Racial Variation in Prostate Cancer Incidence and in Hormonal System Markers Among Male Health Professionals
Elizabeth A. Platz, Eric B. Rimm, Walter C. Willett, Philip W. Kantoff, Edward Giovannucci
Affiliations of authors: E. A. Platz, Department of Nutrition, Harvard School of Public Health, Boston, MA; E. B. Rimm, W. C. Willett, E. Giovannucci, Departments of Nutrition and Epidemiology, Harvard School of Public Health, Boston, and the Channing Laboratory, Department of Medicine, Harvard Medical School and Brigham and Women's Hospital, Boston; P. W. Kantoff, Lank Center for Genitourinary Oncology, Department of Adult Oncology, Dana-Farber Cancer Institute, Harvard Medical School.
Correspondence to present address: Elizabeth A. Platz, Sc.D., M.P.H., Department of Epidemiology, The Johns Hopkins School of Hygiene and Public Health, 615 N. Wolfe St., Baltimore, MD 21205 (e-mail: firstname.lastname@example.org).
Background: Racial variation in prostate cancer incidence in the United States is pronounced, with African-American men having the highest rates. Whether differences in the distribution of known or suspected risk factors among racial groups explain this variation is unknown.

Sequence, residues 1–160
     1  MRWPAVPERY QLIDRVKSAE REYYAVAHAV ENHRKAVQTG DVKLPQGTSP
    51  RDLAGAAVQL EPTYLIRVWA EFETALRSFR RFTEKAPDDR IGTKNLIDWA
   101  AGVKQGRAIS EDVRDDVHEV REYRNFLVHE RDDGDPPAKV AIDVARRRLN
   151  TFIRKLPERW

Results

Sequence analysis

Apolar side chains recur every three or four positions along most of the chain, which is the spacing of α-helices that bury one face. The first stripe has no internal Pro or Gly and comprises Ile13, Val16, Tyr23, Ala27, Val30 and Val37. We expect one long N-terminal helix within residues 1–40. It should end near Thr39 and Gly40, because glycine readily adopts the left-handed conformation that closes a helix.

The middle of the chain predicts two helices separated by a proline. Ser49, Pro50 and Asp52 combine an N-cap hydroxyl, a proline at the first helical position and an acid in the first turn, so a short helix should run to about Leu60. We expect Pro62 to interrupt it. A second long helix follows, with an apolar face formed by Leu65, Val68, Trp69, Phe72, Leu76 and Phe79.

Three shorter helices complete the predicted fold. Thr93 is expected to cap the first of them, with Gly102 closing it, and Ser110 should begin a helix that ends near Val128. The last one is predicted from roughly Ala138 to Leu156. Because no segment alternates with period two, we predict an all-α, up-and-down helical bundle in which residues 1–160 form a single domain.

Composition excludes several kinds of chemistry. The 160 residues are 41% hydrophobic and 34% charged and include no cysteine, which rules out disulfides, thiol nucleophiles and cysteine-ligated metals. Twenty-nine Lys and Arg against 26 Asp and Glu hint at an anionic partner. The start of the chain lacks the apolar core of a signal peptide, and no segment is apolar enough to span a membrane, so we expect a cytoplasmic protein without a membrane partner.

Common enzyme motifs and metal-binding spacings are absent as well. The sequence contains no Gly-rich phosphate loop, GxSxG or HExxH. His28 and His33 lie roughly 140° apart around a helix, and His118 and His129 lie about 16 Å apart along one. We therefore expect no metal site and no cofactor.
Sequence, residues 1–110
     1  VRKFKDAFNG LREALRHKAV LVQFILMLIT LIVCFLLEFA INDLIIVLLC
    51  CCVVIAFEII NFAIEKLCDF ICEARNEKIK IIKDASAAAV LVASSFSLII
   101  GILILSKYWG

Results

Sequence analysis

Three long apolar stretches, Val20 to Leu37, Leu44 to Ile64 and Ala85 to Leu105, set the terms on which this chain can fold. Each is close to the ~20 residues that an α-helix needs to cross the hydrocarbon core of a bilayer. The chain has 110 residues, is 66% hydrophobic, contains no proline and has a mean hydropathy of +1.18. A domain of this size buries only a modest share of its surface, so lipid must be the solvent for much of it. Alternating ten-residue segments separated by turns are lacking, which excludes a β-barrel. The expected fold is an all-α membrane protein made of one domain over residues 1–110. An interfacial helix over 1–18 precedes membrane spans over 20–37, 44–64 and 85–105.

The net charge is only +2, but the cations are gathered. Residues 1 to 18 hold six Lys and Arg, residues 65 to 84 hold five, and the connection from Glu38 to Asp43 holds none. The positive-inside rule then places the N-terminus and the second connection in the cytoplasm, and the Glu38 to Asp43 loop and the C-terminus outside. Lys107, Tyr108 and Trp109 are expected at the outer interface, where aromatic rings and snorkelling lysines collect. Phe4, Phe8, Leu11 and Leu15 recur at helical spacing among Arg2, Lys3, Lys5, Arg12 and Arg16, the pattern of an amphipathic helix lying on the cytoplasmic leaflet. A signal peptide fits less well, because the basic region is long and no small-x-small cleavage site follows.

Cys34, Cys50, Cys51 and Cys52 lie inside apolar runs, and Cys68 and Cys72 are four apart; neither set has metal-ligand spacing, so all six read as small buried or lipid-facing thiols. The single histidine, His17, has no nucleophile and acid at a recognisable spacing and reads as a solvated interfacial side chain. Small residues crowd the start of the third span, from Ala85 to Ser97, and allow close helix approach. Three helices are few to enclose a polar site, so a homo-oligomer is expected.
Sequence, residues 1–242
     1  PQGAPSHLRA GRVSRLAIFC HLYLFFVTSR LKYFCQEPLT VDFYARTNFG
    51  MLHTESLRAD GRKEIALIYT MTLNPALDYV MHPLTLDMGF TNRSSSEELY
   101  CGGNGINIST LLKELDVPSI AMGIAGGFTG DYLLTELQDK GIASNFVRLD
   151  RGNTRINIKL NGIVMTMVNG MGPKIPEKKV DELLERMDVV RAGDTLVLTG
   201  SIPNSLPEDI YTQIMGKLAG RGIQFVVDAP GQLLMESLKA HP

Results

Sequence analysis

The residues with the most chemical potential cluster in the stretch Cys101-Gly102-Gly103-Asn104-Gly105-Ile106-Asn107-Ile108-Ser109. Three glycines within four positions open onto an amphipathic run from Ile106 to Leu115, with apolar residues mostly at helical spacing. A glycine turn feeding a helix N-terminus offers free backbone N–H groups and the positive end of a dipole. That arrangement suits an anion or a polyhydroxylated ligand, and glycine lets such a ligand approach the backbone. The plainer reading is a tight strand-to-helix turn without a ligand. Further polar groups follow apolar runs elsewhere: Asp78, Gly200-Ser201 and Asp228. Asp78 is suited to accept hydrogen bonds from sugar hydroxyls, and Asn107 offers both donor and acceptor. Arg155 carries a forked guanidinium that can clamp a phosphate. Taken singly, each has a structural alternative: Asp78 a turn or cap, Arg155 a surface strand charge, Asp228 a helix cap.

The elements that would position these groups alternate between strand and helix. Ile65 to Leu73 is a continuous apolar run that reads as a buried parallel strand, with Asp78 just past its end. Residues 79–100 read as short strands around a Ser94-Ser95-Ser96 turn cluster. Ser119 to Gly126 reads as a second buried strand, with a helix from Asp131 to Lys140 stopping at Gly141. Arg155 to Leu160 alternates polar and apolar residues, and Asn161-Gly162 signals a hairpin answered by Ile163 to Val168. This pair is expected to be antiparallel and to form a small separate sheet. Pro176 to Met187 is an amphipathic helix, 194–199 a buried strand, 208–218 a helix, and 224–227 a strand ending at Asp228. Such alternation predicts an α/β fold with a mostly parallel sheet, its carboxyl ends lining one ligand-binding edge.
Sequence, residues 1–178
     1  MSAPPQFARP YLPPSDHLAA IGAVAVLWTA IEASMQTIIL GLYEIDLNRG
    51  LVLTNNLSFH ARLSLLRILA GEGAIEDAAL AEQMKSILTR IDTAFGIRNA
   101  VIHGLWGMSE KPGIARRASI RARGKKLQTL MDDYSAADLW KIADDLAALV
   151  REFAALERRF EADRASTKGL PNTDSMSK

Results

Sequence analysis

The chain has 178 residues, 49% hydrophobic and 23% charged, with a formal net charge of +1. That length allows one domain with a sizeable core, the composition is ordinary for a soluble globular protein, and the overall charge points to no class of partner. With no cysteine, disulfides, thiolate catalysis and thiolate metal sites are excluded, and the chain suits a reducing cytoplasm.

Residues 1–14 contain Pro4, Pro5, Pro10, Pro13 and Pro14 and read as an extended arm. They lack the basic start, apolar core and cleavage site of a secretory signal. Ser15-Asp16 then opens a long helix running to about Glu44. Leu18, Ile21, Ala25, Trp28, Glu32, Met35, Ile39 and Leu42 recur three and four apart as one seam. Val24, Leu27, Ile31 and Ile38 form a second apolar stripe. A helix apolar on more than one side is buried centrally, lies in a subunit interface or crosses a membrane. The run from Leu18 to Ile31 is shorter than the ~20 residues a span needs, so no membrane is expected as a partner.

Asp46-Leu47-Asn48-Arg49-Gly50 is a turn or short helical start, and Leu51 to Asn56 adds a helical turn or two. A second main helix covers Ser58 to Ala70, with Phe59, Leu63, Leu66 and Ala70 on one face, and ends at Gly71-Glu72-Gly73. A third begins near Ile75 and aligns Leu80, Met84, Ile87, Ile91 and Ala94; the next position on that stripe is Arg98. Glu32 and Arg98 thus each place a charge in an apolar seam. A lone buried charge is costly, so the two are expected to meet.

Methods: We evaluated prospectively the relation between prostate cancer and race among 45 410 U.S. male health professionals aged 40–75 years in 1986. We used multivariable, pooled logistic regression to adjust the rate ratio (RR) for potential dietary and lifestyle risk factors. We also measured circulating levels of steroid hormones, sex hormone-binding globulin, and vitamin D metabolites and length of the androgen receptor gene CAG repeat in a sample of African-American (n = 43), Asian (n = 52), and white (n = 55) participants and assessed variation by race in these possible prostate epithelial cell growth mediators by use of analysis of variance. Statistical tests were two-sided.
Results: The age-adjusted RR for prostate cancer was 1.73 (95% confidence interval [CI] = 1.23–2.45) for African-American men compared with white men. After multivariate adjustment, the RR increased to 1.81 (95% CI = 1.27–2.58). The rate of prostate cancer did not differ between Asians and whites. Steroid hormone and 1,25-dihydroxyvitamin D levels did not vary appreciably by race. However, the mean number of androgen receptor gene CAG repeats was lower among African-Americans (mean ± standard deviation = 20.1 ± 3.5) than among whites (22.1 ± 3.1; P = .007) and Asians (22.1 ± 3.9; P = .009).
Conclusions: Our results confirm the elevated incidence of prostate cancer among African Americans and show that it is not explained by differences in the distribution of possible dietary and lifestyle risk factors in this cohort. Racial variation in length of the androgen receptor gene CAG repeat may explain a small part of the excess risk of prostate cancer among African-American men in this cohort.
December 2000 study,
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